Re-energising Yourself at Work: How to Identify and Prevent the Reasons Behind Tiredness

  1. Home
  2. Knowledge Base
  3. Running a business
  4. Re-energising Yourself at Work: How to Identify and Prevent the Reasons Behind Tiredness
  1. Home
  2. Knowledge Base
  3. Guides
  4. Re-energising Yourself at Work: How to Identify and Prevent the Reasons Behind Tiredness
  1. Home
  2. Knowledge Base
  3. Be inspired
  4. Re-energising Yourself at Work: How to Identify and Prevent the Reasons Behind Tiredness

Do your colleagues stay out of your way until you’ve had your first coffee? Do you collapse in an exhausted slump in the middle of every afternoon? Tiredness at work is all too common, and everybody has days when their body and brain seem to conspire to prevent them from getting any work done. Aside from the usual culprits of a bad night’s sleep or a glass of wine too many, there are several factors of the workplace environment that not only contribute to tiredness, but can actually worsen feelings of fatigue.

A tired mind can often transpire into a lack of productivity, damaging both your motivation levels and, as a consequence, your potential success in business. So what are the secrets to tackle tiredness at workplace?


Sleep is the obvious culprit that many people blame when they feel tired. And, naturally, sleeping badly has the potential to have an impact on your workday energy levels. Lack of sleep can not only cloud the mind, but also affect the quality of your work. Staying up late, and working on screens all day can all significantly affect the quality of our sleep. Despite getting 7 hours shut-eye, this may result in lack of concentration the next day, and increase your chances of being distracted from the task at hand. To avoid feeling drowsy, it’s important to maintain a consistent sleep routine to regulate your energy levels throughout the day — and avoid screens just before bed.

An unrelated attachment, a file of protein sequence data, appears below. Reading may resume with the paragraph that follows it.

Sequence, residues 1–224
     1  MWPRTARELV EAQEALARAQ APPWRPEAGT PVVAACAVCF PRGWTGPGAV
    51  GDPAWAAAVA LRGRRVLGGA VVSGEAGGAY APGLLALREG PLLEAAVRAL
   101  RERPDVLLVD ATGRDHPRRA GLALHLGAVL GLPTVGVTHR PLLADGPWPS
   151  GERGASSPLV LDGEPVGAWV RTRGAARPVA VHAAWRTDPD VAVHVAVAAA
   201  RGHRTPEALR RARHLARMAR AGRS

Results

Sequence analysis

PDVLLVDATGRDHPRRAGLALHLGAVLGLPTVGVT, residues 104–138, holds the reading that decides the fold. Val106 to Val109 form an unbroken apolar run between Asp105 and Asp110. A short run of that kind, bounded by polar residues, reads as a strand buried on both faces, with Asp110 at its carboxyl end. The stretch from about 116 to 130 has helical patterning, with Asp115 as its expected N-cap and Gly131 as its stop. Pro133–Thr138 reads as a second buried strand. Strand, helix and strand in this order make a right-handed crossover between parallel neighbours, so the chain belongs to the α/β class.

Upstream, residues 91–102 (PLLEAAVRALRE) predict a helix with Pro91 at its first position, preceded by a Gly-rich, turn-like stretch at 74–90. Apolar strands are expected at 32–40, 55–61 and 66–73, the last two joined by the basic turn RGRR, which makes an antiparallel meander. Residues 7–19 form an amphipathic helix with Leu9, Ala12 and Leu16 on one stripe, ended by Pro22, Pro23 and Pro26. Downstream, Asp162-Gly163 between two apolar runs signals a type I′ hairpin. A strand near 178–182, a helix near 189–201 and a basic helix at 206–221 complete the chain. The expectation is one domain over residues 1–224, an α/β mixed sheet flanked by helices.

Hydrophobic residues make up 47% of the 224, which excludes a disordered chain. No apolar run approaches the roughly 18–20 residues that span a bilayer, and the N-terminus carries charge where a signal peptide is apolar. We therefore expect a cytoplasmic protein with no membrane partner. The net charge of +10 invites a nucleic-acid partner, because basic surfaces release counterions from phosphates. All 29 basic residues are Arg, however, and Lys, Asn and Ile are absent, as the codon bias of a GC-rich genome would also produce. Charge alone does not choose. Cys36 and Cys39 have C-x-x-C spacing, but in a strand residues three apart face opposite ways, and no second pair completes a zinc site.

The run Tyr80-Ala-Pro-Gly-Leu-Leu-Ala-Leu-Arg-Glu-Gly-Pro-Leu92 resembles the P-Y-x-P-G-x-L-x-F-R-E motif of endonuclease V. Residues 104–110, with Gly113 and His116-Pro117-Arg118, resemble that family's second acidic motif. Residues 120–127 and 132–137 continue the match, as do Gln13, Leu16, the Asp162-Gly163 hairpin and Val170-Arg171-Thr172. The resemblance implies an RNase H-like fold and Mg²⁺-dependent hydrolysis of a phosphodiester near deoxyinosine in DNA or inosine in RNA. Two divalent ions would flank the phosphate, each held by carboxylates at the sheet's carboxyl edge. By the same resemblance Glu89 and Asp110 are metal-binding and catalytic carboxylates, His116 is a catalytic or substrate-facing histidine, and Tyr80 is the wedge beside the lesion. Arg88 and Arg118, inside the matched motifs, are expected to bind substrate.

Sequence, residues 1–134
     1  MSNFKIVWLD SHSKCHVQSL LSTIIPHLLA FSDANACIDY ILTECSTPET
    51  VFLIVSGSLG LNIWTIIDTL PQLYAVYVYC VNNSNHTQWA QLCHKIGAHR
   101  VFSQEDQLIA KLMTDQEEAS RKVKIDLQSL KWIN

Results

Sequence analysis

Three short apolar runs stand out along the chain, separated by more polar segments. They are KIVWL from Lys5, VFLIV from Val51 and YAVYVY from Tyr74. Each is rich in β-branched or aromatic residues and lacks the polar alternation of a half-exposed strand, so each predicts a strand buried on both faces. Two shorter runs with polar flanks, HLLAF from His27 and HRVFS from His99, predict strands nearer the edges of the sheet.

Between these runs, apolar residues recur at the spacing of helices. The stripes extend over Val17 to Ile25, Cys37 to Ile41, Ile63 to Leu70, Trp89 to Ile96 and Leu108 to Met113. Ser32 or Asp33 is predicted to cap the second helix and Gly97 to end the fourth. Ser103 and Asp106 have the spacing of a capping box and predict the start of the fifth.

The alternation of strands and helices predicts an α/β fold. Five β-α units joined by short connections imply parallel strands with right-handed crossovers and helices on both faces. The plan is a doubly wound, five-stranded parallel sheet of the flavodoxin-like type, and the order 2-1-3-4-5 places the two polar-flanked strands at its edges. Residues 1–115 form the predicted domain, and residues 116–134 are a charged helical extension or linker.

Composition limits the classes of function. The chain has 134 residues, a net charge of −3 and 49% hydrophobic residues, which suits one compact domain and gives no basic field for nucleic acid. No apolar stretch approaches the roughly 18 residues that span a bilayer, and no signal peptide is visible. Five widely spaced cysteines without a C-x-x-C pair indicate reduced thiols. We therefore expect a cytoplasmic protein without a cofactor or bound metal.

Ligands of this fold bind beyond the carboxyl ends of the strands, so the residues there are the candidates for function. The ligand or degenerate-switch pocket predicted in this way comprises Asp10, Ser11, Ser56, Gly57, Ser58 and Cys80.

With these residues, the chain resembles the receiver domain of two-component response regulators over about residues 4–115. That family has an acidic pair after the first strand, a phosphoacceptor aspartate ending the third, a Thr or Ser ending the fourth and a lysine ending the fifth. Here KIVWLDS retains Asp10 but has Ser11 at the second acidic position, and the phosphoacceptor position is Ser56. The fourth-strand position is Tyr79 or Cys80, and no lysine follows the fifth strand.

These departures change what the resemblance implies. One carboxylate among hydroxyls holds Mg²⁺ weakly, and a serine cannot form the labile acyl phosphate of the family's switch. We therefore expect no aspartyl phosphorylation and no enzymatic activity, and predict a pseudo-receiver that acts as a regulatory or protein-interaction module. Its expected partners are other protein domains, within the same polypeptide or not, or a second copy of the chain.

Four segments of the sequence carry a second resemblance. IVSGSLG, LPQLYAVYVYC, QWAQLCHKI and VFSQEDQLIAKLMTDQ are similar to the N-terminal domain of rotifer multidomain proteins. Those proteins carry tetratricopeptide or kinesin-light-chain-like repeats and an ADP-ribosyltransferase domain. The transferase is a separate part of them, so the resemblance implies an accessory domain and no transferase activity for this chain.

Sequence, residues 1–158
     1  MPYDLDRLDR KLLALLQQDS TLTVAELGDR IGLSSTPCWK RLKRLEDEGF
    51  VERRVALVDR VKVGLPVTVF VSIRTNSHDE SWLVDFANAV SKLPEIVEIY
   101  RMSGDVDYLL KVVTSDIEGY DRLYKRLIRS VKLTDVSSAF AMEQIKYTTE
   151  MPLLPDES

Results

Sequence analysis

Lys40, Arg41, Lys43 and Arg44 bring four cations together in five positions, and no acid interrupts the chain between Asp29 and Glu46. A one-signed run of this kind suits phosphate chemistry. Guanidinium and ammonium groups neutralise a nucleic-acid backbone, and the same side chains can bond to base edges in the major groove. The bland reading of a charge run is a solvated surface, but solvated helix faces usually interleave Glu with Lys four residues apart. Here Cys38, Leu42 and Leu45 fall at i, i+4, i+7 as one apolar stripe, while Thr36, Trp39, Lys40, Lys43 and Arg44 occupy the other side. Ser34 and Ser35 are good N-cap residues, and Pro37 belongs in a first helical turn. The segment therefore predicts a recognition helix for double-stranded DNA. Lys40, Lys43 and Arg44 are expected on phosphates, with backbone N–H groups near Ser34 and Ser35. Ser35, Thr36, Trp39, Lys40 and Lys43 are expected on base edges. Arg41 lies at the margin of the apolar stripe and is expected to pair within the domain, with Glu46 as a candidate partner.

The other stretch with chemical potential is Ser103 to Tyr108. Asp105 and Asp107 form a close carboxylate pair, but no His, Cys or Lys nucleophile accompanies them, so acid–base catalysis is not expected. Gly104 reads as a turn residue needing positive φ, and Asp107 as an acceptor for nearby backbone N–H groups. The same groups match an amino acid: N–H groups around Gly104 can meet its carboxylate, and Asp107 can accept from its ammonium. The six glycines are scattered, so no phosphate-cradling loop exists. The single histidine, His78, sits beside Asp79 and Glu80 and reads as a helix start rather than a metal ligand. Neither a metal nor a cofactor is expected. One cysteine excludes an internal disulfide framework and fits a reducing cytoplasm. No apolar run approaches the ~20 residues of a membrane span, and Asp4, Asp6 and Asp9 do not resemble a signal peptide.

Including a range of different types and colours of fruit and vegetables is essential for a healthy workplace mindset. At times of high stress, it is the vitamins and minerals within our 5-a-day which can ultimately benefit, or detriment, the way we cope at work.

Vitamin C

One such well-known vitamin, of which many of us can be deficient in, is vitamin C. Present in a multitude of fruit and vegetables, this antioxidant helps to lessen the effects of stress on the body. When working within a team, negotiations over an idea can become a highly stressful and long process. By lessening the mental and physical effects of stress however, Vitamin C can effectively work to combat this sudden spike — allowing for a more co-operative team outlook.

Complex carbs

When it comes to making the right choices at lunch hour, we all know how easy it is to go for the tasty white bread sandwich, or pre-prepared pasta salad. And for an afternoon of brainstorming ideas with colleagues, this quick fix might seem like the best option. White processed carbohydrates, however, cause a spike in your glucose levels, meaning that while initial energy levels will be high, motivation to stay engaged in a creative meeting may tail off towards the end. Instead, opt for complex carbohydrates (e.g. whole wheat pasta, oats, whole wheat bread, brown rice) which release energy slowly into your system, can allow for an increased amount of focus throughout important business meetings.